Oct. 15, 2013 -- As the government shutdown stretches into its 15th day, you, as a non-essential citizen of the United States, probably have a lot of questions. Thankfully Fusion's crack team of experts has not been affected and is here to answer them.
For any other questions we haven't answered, please call Jay Carney at 202-395-7254.
What is a government shutdown? Oh boy. We're really starting at the beginning here. Have you even tried looking it up on Wikipedia? Pretty sure that website hasn't been shut down.
Has the government been shut down before? Yes. Once in 1995, and once earlier this year when Joe Biden refused to come out of his room until he was FedExed an advance DVD screening of the Breaking Bad finale.
Who will be furloughed because of the shutdown? Mostly a bunch of government pencil pushers, park rangers, and the three Supreme Court justices who are last to finish an obstacle course on the National Mall.
Why are government websites shut down? Turns out that cabinet secretaries are personally responsible for maintaining their department's website. (That's why Hillary Clinton is always on her BlackBerry). But now they’re too busy picking up the slack, so they don’t have time to clear the cookies bin.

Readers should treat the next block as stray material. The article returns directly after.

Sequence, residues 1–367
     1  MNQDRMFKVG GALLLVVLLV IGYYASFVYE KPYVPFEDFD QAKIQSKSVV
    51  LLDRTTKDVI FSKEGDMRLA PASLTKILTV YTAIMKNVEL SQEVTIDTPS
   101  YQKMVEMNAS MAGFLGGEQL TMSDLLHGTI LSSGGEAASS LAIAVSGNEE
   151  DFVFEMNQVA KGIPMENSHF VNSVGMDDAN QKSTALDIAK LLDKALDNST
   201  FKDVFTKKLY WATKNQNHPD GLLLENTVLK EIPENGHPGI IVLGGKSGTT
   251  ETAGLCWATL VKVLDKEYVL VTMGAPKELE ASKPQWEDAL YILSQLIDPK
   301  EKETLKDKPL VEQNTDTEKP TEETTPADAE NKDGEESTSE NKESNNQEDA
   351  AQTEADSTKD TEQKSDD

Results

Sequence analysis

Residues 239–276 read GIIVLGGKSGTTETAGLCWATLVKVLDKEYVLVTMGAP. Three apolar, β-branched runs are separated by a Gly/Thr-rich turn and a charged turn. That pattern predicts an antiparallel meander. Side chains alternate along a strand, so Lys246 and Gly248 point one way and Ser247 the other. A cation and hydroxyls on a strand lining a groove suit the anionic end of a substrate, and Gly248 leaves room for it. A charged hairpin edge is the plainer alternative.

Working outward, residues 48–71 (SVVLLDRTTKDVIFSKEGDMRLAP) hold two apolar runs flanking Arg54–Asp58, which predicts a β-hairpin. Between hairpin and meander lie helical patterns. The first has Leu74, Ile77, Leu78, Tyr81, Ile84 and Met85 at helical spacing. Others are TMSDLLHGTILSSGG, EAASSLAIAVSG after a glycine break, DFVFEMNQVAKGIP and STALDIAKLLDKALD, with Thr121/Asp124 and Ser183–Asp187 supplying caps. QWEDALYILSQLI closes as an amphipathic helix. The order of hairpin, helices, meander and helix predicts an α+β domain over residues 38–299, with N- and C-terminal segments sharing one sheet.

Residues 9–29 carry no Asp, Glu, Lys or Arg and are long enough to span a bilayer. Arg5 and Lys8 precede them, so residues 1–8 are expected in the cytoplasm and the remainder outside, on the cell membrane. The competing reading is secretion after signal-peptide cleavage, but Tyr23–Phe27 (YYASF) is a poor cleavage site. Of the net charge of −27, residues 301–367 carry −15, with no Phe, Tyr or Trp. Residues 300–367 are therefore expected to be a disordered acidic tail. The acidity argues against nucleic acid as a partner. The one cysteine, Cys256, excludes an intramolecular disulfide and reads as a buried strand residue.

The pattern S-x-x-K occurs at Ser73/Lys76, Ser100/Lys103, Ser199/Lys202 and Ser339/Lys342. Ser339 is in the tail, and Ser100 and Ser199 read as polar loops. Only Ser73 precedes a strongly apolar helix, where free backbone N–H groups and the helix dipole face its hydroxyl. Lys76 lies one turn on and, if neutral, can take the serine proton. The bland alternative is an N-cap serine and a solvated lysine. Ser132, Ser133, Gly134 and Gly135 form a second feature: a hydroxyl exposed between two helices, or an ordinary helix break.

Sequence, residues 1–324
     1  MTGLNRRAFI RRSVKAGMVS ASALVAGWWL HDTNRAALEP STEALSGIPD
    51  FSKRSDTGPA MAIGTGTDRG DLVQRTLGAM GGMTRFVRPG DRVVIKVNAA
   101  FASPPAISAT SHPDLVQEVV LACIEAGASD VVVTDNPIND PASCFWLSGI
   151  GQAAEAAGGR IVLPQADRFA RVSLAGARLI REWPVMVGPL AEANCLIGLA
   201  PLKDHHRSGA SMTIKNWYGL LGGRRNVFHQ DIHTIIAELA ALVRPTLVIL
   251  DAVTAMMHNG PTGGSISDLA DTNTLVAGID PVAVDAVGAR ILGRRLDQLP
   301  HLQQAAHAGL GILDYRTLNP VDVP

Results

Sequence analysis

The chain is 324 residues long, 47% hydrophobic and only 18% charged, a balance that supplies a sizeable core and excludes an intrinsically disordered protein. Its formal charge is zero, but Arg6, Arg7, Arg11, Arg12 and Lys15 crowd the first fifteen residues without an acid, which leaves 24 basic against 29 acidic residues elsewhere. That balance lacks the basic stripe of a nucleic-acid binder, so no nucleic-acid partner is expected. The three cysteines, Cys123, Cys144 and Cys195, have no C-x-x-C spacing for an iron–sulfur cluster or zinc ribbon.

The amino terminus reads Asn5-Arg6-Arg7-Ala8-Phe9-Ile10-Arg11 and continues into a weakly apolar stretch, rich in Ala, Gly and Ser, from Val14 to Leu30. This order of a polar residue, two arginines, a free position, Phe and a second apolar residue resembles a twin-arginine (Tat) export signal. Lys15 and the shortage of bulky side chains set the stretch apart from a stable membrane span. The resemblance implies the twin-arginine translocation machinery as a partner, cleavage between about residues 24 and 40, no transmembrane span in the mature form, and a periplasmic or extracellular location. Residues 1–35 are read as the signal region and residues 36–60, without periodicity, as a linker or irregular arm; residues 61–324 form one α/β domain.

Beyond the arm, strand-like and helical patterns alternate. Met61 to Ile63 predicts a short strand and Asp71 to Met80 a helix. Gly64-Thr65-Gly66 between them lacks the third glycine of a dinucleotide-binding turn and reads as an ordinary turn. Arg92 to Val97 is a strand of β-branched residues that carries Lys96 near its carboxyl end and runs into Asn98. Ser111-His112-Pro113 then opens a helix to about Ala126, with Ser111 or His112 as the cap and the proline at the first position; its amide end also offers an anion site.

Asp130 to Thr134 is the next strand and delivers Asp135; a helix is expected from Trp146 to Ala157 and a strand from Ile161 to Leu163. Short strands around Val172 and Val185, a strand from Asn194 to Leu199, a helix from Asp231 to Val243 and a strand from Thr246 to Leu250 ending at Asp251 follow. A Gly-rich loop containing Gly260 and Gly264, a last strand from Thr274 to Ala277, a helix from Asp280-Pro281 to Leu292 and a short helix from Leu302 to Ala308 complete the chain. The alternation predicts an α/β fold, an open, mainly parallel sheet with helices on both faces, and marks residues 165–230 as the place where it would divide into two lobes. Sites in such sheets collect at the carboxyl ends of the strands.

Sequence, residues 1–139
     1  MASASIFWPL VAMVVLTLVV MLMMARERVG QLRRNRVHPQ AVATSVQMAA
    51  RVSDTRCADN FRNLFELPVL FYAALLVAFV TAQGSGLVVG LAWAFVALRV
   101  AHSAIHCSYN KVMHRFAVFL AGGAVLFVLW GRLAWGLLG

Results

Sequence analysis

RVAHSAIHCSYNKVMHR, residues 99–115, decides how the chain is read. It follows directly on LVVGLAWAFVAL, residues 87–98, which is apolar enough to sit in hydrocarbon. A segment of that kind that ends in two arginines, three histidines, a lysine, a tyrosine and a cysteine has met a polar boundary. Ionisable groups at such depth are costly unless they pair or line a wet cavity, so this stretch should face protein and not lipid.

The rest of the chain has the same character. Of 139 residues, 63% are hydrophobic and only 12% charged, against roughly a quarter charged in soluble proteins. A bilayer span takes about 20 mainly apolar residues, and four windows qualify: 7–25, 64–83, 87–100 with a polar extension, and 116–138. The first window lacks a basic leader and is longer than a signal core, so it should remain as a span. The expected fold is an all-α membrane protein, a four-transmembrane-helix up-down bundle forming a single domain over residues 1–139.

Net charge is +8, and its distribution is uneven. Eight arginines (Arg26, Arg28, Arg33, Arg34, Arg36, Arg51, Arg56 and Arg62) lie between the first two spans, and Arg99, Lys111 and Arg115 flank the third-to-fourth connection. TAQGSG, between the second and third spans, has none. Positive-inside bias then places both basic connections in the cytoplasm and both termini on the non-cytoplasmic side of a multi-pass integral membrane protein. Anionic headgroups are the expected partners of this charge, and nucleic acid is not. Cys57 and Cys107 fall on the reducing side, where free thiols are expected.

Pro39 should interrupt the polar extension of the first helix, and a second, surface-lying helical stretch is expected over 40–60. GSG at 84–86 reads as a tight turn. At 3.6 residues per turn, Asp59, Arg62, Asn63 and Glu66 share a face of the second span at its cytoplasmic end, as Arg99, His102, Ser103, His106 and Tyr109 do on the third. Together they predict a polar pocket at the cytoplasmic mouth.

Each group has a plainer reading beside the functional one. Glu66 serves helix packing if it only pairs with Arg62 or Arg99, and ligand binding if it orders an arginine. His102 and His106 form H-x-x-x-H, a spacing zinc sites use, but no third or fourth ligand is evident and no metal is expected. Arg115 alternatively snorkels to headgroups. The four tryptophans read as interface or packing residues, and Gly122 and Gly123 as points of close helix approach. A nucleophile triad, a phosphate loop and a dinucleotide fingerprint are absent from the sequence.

Will members of Congress still get paid during the shutdown? Yes. In fact they get overtime.
What happens to Capitol Hill interns? Unfortunately, as the least essential members of the government, they are usually the first to be furloughed and brutally sacrificed to the animistic deities who oversee the legislative branch.
When will the shutdown end? The Constitution says that the federal government must reopen when Congress passes a bill to fund the government that is signed by the president; or, whenever they get sick of the congressional cafeteria being closed.